Class: Insecta (Insects)
Species: about 8,000
Body length: 0.5 inches (1.3 centimeters) to 2.5 inches (6.3 centimeters)
Life span: up to 3 years
Life cycle: from egg laying to adult emergence—1 month to 3 years or more, depending on the species
Number of eggs laid: 3 to 20
stable where habitats remain stable
Burrowing owls Athene cunicularia have been seen using animal poop as bait to trap dung beetles for food.
A nickname for dung beetles is tumblebugs.
One species of dung beetle in Peru, Deltochilum valgum, eats millipedes. It is a rare example of a scavenger species turned carnivore.
Ancient Egyptians used the image of the dung beetle, or scarab, in their religious artwork and jewelry.
Insects: Dung Beetle
Dung beetles are stout-bodied insects. Their broad front legs have sawlike notches for digging, scraping dung into balls, and fighting.
Three varieties of
Dung beetles do just what their name suggests: they use the manure, or dung, of other animals in some unique ways! These interesting insects fly around in search of manure deposits, or pats, from herbivores like cows and elephants. Dung beetles come in a variety of colors, from dull and glossy black to metallic green and red. Ancient Egyptians thought very highly of the dung beetle, also known as the scarab (from their taxonomic family name, Scarabaeidae). They believed it kept the Earth revolving like a giant ball of dung, linking the insect to Khepri, the Egyptian god of the rising sun.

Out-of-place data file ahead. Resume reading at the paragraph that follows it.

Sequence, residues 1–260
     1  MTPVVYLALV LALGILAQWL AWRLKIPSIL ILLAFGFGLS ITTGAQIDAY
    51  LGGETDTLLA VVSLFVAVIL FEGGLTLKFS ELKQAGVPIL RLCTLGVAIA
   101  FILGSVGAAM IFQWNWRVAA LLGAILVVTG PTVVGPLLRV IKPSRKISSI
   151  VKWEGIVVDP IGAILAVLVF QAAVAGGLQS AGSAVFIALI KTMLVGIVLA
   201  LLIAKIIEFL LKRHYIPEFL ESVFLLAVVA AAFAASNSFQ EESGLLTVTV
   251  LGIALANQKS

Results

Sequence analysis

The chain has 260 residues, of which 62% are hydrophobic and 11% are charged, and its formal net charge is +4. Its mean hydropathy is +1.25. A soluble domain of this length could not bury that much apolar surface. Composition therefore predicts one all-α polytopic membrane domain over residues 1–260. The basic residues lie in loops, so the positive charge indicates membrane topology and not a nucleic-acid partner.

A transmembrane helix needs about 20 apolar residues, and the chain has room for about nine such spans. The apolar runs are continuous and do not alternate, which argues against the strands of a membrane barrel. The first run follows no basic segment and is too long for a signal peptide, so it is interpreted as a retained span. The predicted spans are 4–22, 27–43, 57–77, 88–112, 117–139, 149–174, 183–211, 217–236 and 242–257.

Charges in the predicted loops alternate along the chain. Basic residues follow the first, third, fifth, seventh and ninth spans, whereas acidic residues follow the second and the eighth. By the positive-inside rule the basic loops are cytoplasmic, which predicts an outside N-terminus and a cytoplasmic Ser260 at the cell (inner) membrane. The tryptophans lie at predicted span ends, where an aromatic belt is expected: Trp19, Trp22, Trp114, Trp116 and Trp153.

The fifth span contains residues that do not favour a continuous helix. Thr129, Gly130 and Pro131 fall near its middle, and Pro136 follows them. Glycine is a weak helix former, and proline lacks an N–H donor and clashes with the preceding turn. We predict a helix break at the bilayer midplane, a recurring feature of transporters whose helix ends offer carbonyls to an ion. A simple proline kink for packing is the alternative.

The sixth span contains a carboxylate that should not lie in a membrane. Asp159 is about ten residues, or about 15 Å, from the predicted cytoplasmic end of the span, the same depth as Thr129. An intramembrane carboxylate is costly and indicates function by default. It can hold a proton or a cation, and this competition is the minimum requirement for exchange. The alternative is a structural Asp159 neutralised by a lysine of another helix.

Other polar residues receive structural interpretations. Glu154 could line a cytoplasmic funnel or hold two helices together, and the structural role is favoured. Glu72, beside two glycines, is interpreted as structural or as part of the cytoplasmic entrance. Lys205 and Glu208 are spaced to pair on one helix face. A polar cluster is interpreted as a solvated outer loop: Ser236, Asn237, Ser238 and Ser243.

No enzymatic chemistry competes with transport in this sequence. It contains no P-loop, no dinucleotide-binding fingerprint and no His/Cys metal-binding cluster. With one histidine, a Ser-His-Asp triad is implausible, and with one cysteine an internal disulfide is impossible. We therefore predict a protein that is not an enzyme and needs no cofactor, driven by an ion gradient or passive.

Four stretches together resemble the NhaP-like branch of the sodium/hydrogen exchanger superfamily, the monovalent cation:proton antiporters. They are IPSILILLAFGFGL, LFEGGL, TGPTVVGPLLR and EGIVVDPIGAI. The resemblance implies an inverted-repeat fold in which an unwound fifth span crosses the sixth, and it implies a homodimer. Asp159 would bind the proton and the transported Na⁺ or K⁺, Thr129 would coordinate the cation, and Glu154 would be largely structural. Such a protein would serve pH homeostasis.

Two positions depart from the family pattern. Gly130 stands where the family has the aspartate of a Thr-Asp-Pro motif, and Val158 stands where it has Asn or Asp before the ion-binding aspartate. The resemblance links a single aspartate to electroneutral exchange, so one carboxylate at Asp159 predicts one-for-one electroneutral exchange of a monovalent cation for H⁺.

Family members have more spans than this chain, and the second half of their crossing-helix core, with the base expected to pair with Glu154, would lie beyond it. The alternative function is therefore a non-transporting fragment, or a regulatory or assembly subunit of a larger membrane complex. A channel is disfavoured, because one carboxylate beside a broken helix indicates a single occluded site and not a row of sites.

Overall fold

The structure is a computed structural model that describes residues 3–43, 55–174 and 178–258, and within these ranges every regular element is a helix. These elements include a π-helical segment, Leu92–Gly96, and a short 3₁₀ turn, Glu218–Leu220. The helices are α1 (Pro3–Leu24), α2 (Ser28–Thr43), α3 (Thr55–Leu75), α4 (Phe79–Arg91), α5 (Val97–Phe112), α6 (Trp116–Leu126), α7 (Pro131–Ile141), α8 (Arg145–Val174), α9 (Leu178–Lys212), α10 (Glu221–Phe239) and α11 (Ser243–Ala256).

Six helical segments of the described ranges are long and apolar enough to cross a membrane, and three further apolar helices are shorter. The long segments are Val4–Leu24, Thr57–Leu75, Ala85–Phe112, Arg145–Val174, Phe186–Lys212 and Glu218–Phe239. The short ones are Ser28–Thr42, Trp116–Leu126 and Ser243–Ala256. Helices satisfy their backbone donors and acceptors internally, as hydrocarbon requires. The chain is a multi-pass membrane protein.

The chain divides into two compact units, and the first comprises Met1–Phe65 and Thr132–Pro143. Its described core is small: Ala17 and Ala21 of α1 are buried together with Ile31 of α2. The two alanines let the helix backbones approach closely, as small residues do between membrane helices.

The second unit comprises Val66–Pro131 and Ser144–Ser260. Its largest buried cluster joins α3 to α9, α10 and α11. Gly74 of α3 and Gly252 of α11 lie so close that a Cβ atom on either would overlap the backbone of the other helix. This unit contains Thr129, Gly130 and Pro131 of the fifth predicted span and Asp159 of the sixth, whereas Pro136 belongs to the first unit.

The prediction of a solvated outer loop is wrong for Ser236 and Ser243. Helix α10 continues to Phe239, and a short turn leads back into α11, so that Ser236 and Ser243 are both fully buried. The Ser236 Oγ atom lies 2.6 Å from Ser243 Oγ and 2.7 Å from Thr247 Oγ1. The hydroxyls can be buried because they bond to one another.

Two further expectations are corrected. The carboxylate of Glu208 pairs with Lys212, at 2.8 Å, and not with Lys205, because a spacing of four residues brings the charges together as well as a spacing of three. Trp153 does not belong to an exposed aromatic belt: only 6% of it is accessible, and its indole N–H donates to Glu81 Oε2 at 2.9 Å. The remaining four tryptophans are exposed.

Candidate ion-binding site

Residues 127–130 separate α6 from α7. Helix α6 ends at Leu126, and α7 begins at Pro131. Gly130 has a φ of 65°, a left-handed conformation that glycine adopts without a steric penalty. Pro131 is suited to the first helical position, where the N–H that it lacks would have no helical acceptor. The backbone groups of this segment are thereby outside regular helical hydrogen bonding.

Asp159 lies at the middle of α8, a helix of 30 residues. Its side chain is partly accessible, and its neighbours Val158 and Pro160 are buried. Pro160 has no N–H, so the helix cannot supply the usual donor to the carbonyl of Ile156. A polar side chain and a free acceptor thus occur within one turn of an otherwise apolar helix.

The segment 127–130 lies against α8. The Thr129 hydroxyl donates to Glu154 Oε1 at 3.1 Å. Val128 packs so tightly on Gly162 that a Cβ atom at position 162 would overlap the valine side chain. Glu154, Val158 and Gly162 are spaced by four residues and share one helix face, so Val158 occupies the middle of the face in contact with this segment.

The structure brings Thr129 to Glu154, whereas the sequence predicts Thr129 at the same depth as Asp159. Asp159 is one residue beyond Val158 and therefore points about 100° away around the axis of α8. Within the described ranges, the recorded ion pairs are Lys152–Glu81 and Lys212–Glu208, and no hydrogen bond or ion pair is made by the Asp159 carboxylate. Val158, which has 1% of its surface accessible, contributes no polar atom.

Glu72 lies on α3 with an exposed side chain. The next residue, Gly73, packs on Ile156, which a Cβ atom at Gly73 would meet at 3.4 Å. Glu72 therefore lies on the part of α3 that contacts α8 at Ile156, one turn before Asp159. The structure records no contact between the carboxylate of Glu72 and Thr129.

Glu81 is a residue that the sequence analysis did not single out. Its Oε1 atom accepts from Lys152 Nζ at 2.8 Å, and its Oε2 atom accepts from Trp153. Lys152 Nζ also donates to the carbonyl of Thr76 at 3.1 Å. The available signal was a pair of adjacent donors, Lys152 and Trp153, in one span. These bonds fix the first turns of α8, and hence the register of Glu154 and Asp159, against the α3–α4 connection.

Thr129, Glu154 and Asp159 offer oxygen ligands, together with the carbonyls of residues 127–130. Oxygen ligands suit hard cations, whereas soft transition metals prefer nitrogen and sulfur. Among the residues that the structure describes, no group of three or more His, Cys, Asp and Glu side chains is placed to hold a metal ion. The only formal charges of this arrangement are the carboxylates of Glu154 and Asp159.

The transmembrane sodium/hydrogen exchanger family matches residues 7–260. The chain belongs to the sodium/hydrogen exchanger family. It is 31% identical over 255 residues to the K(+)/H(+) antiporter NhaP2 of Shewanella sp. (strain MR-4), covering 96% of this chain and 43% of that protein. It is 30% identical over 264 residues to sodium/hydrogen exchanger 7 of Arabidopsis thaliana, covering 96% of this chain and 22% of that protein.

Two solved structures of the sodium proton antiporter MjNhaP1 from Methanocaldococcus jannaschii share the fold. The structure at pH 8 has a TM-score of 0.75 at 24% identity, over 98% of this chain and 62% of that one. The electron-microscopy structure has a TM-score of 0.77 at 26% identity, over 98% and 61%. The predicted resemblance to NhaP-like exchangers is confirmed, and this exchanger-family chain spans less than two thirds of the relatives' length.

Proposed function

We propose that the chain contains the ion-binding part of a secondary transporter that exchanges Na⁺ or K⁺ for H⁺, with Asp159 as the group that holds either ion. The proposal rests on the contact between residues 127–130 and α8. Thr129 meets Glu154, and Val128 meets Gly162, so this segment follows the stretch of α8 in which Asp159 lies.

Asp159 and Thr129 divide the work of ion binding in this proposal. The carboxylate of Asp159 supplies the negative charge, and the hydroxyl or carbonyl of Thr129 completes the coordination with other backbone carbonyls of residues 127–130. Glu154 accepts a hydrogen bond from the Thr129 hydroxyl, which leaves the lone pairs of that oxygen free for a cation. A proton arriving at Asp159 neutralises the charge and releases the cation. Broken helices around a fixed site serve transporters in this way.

About 75 species of dung beetles are found in North America, but only about a dozen of those are significant dung buriers.
Getting the job done
Scientists group dung beetles by the way the beetles make a living: rollers, tunnelers, and dwellers. Rollers form a bit of dung into a ball, roll it away, and bury it. The balls they make are either used by the female to lay her eggs in (called a brood ball) or as food for the adults to eat. Tunnellers land on a manure pat and simply dig down into the pat, burying a portion of the dung. Dwellers are content with staying on top of the dung pat to lay their eggs and raise the young.
Not all dung is created equal